Credit Gabriella Demczuk for The New York Times
The Senate returns on Monday to resume work on legislation to combat the nation’s growing opioid epidemic, but there are continued signs that the bipartisan bill is getting caught in the increasing nastiness surrounding the Supreme Court fight.
On Thursday, with tempers flaring, the Democratic leader, Harry Reid of Nevada, objected to plans by the majority leader, Mitch McConnell of Kentucky, to debate amendments to the bill, forcing Mr. McConnell to initiate procedural steps to overcome a filibuster. Until now, the bill has enjoyed bipartisan support, and it is still likely to win passage.
But the deepening acrimony over the Republicans’ insistence that they will not consider any Supreme Court nominee put forward by President Obama is now dominating much of the discussion on the Senate floor.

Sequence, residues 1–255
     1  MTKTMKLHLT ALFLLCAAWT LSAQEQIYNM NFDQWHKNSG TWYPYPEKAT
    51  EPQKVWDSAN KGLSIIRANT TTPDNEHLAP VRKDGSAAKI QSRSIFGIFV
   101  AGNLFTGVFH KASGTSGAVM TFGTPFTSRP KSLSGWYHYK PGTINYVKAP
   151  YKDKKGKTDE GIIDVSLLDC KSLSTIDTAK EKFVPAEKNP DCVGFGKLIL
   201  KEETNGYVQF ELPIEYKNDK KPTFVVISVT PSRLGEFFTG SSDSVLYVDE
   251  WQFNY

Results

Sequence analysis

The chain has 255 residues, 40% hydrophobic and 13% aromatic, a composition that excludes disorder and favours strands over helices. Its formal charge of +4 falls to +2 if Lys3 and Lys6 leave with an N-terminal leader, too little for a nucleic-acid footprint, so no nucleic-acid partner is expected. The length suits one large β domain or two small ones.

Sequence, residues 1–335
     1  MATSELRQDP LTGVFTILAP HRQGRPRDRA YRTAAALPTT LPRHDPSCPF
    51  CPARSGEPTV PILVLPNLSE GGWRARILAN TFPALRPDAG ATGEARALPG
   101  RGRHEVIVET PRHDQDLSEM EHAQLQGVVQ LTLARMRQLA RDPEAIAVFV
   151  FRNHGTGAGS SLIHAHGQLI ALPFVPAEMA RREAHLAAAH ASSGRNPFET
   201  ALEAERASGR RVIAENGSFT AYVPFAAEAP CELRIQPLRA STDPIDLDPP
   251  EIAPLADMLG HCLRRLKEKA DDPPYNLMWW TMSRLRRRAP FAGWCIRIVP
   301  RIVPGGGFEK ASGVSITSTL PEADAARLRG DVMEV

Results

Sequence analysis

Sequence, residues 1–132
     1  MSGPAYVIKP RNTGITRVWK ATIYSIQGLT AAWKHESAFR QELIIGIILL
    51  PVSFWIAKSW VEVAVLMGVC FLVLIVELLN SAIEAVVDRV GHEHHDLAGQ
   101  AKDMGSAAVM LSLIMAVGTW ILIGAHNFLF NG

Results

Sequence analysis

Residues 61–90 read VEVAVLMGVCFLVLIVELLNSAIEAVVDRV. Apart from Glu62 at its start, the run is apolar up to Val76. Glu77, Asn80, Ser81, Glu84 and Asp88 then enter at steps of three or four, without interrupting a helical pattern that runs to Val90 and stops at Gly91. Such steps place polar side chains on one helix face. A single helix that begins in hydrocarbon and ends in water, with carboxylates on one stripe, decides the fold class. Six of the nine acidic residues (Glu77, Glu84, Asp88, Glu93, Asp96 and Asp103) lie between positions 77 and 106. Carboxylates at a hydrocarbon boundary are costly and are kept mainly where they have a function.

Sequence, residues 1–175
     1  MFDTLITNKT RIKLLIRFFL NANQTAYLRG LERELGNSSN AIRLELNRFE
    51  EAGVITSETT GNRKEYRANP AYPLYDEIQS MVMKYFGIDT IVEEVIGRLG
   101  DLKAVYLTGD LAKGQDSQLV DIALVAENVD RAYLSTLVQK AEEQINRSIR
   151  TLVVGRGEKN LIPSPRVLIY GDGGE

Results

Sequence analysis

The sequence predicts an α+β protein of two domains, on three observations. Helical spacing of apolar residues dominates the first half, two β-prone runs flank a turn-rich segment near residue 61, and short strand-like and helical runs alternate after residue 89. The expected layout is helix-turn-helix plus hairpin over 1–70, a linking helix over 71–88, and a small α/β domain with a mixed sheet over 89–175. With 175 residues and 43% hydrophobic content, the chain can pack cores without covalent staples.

Senator Rob Portman, Republican of Ohio, who is a chief author of the antidrug legislation and keen to keep it in a path to approval, invoked on Sunday the memory of Nancy Reagan, the former first lady, as inspiration for getting it done.
“I would like to acknowledge her significant contributions in the struggle to end drug abuse and addiction,” Mr. Portman said on Sunday as part of a statement honoring her life. “She was a true leader on this issue, and I have no doubt that her focus on education and prevention, as well as treatment and recovery, helped save many Americans from the disease of addiction.”
Mr. Portman was hardly the only Republican to note Mrs. Reagan’s push against drug addiction.
Senator Jeff Sessions, Republican of Alabama, said in a statement on Sunday: “I often think it is too little appreciated that her historic leadership inspired millions of good citizens to rise up and take action to stop the catastrophic surging rate of drug abuse and addiction. It is a fact that her ‘Just say no’ initiative which spread all over the nation was the key to the effort. Many scoffed, but after sustained efforts drug use started downward to levels that were half what they were when she started.”
Mr. Sessions added, “It is good to remember this work and strive not to let an increasing drug cycle begin again.”
As the Senate continues work on the antidrug bill, the House will meet only in pro forma session, allowing most representatives to be home gearing up for the November elections.